New study shows how your moral behavior may change depending on the context

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When it comes to making moral decisions, we often think of the golden rule: do unto others as you would have them do unto you. Yet, why we make such decisions has been widely debated. Are we motivated by feelings of guilt, where we don't want to feel bad for letting the other person down? Or by fairness, where we want to avoid unequal outcomes? Some people may rely on principles of both guilt and fairness and may switch their moral rule depending on the circumstances, according to a Radboud University—Dartmouth College study on moral decision-making and cooperation. The findings challenge prior research in economics, psychology and neuroscience, which is often based on the premise that people are motivated by one moral principle, which remains constant over time. The study was published recently in Nature Communications.

"Our study demonstrates that with , people may not in fact always stick to the golden rule. While most people tend to exhibit some concern for others, others may demonstrate what we have called 'moral opportunism,' where they still want to look moral but want to maximize their own benefit," said lead author Jeroen van Baar, a postdoctoral research associate in the department of cognitive, linguistic and psychological sciences at Brown University, who started this research when he was a scholar at Dartmouth visiting from the Donders Institute for Brain, Cognition and Behavior at Radboud University.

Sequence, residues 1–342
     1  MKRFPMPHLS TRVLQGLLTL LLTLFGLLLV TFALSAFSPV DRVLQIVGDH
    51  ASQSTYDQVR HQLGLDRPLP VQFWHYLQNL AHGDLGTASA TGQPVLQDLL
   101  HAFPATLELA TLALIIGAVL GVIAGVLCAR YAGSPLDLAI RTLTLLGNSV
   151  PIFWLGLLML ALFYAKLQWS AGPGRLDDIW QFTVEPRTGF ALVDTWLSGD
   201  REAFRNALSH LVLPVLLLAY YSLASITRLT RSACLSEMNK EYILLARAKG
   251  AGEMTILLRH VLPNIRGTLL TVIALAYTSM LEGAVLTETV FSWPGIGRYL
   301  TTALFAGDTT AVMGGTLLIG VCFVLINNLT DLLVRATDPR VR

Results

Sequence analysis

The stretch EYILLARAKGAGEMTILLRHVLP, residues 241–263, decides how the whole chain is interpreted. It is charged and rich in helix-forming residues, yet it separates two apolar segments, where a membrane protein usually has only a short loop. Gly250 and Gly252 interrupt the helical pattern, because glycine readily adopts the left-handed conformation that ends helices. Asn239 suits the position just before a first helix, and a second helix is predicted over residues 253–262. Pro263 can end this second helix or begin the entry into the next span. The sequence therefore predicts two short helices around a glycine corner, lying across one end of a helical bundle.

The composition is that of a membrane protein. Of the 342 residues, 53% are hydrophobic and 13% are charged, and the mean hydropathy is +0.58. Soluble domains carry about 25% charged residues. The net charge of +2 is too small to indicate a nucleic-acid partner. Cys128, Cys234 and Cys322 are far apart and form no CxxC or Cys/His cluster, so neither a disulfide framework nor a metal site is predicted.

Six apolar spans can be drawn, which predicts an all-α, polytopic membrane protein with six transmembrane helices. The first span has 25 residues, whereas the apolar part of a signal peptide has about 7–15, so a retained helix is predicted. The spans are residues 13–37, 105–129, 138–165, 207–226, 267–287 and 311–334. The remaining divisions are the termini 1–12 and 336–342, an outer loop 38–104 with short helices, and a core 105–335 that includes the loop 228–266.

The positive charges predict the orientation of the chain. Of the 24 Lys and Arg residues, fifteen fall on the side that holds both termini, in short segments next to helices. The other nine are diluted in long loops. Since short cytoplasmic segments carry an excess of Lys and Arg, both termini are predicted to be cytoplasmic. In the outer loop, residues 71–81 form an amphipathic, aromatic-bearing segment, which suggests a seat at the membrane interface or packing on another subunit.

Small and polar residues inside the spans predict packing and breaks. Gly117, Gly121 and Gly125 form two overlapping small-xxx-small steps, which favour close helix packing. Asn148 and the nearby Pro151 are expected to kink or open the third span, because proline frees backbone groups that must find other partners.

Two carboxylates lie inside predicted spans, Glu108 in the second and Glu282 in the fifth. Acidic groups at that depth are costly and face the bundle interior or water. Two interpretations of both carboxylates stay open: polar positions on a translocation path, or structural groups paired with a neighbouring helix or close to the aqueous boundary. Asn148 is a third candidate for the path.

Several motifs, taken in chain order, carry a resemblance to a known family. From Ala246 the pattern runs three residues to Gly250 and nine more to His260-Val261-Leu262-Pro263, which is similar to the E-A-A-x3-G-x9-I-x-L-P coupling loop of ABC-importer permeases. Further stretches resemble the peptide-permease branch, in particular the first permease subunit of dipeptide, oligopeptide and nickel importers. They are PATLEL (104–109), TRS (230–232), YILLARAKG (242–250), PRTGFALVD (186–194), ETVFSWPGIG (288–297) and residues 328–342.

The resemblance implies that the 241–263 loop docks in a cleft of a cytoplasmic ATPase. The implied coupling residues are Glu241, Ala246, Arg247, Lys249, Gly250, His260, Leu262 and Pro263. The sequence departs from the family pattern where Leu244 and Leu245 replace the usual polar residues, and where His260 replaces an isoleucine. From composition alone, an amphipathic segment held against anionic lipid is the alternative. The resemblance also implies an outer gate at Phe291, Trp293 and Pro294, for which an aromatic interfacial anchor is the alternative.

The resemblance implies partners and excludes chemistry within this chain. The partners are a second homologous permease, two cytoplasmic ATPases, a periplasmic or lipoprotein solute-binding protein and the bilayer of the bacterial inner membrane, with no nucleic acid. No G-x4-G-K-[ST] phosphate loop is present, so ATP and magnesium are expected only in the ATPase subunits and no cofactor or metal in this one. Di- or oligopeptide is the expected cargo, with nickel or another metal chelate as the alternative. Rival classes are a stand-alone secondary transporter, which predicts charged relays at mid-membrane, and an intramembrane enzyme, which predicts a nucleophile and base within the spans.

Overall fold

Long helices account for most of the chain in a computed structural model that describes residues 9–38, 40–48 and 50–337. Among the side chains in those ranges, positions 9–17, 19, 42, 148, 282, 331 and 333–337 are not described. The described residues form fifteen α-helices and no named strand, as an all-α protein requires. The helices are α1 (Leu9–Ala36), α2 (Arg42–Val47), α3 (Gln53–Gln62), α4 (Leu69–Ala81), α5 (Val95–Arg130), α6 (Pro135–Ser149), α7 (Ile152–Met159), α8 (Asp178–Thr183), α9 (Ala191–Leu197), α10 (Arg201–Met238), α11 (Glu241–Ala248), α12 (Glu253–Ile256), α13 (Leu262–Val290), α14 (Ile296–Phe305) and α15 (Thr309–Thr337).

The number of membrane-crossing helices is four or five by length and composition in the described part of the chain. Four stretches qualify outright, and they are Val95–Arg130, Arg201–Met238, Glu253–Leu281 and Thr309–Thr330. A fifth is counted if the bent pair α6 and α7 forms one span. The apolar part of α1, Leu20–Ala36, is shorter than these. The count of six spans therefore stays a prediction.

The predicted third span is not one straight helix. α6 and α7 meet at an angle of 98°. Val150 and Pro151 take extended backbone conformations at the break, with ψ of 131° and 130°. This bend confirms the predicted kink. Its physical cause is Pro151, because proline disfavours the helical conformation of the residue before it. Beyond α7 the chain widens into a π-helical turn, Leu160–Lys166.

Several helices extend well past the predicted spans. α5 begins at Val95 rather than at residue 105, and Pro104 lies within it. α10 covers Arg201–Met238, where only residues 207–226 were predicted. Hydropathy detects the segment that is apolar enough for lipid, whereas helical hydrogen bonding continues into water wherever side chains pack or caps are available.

"In everyday life, we may not notice that our morals are context-dependent since our contexts tend to stay the same daily. However, under new circumstances, we may find that the moral rules we thought we'd always follow are actually quite malleable," explained co-author Luke J. Chang, an assistant professor of psychological and and director of the Computational Social Affective Neuroscience Laboratory (Cosan Lab) at Dartmouth. "This has tremendous ramifications if one considers how our moral behavior could change under new contexts, such as during war," he added.

To examine moral decision-making within the context of reciprocity, the researchers designed a modified trust game called the Hidden Multiplier Trust Game, which allowed them to classify decisions in reciprocating trust as a function of an individual's moral strategy. With this method, the team could determine which type of moral strategy a study participant was using: inequity aversion (where people reciprocate because they want to seek fairness in outcomes), guilt aversion (where people reciprocate because they want to avoid feeling guilty), greed, or moral opportunism (a new strategy that the team identified, where people switch between inequity aversion and guilt aversion depending on what will serve their interests best). The researchers also developed a computational, moral strategy model that could be used to explain how people behave in the game and examined the brain activity patterns associated with the moral strategies.